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Healing Pubic Symphysis Pain During and After Pregnancy

Pubic Symphysis Pain
Pubic Symphysis Pain

During pregnancy, many musculoskeletal changes happen in a woman’s body. For example, widening of the pubic symphysis and sacroiliac joints occurs before childbirth. However, the process can cause pubic symphysis pain for some women and impair their activities of daily living.

How Does the Pubic Symphysis Change During Pregnancy?

The pubic symphysis is a unique joint at the midline union of the pubic bone. It resists tensile and frictional forces and can move minimally —2 mm shifts and 1-degree rotation. However, this joint is capable of remarkable changes during pregnancy. Relaxin and other hormones cause structural changes that increase the joint’s width and mobility. Separation between 4 to 9 mm is normal during pregnancy. We expect the pelvic girdle to return to normal before five months postpartum.

What Causes Pubic Symphysis Pain?

The hormone relaxin softens the ligaments and joints to ease labor and delivery. Movement of the loose joint can be painful for the mother. In addition, excessive widening beyond 10 mm leads to a rare condition called pubic symphysis diastasis. Risk factors include:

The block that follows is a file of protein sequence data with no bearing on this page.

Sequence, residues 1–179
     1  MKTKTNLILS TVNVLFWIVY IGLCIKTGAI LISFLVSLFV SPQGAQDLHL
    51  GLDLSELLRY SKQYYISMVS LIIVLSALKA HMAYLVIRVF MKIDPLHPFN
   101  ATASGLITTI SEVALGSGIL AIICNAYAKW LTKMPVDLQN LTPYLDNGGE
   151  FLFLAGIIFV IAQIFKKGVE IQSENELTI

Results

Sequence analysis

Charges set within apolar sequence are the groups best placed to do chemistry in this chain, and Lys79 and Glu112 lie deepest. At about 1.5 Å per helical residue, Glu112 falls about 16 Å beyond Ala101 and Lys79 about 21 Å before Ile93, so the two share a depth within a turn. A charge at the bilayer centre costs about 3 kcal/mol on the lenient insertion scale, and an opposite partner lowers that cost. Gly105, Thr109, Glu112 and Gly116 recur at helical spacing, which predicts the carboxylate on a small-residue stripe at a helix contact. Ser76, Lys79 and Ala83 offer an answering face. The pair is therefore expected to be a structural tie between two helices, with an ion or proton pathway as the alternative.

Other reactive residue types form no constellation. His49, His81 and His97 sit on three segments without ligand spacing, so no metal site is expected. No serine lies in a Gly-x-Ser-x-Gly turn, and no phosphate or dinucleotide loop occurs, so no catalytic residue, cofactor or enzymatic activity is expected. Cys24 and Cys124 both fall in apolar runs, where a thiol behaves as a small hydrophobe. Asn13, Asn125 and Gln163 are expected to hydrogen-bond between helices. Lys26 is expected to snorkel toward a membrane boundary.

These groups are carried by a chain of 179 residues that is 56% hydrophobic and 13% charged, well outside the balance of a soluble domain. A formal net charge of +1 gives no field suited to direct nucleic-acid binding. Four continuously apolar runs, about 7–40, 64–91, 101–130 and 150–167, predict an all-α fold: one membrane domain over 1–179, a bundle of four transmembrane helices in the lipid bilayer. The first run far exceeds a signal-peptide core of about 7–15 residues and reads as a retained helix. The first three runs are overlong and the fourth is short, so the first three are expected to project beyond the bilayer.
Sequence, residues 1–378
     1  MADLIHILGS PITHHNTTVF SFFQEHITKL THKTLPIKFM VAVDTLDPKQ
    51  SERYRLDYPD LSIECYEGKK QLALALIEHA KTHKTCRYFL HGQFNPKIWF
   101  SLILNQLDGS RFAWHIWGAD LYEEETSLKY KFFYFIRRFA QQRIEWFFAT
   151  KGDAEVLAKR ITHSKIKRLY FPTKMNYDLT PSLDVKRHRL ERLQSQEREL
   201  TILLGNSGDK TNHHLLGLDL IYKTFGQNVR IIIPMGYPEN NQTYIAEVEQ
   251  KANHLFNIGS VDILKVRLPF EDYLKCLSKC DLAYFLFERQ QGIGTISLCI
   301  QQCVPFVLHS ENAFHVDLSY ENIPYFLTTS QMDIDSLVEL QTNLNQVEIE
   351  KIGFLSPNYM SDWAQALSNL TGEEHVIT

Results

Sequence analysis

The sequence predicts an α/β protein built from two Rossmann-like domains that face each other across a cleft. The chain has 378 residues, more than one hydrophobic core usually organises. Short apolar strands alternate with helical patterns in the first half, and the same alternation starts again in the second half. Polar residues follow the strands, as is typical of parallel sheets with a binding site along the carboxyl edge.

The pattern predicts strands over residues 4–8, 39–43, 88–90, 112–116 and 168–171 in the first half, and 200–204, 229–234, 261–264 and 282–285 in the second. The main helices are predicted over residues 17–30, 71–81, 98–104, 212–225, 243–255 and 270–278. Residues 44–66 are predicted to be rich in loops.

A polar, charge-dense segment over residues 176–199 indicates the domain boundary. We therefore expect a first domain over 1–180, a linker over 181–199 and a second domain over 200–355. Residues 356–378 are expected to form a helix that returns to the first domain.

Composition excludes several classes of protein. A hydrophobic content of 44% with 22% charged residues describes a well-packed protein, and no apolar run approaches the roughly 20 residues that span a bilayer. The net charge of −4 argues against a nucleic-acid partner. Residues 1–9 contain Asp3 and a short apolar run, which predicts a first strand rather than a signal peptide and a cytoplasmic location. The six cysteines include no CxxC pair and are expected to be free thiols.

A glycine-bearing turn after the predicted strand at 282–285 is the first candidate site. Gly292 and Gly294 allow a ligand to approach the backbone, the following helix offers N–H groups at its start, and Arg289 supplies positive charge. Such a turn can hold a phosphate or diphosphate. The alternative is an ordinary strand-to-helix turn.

• Obesity 
  • Hypermobility
  • Large fetus 
  • Rapid second stage labor
  • Intense uterine contractions
  • History of pelvic trauma
  • Forceps used during delivery 

What Does Pubic Symphysis Pain Feel Like?

The pain is different for each person. Some women may feel a pinch or ache. For others, severe symphyseal pain causes difficulties with activities of daily living such as walking, climbing stairs, or turning over in bed. In some cases, the patient feels sore in the creases of the groin rather than over the pubic bone. Pubic symphysis pain can be debilitating to mothers, especially if it doesn’t resolve postpartum. It can get so bad that some women require crutches or bed rest. 

How Do You Treat Symphysis Pubis Dysfunction? 

Several treatment options are available to relieve symphysis pubis pain and provide for postpartum recovery. Many patients benefit from supportive devices such as a pelvic support belt, a pregnancy pillow for sleep, or using a wheelchair or walker for reduced mobility. Other treatments include strengthening the back and core, soft tissue therapy, applying ice or heat, and simulation with a TENS unit. A physical therapist can design a safe and effective treatment program to meet patients’ needs.

Referring Patients for Pubic Symphysis Pain

Physical Therapy is a first-line treatment for Symphysis Pubis Dysfunction. The PT can develop non-invasive therapies to relieve pain and help restore mobility and function. Call our office for referrals at 201-833-1333.

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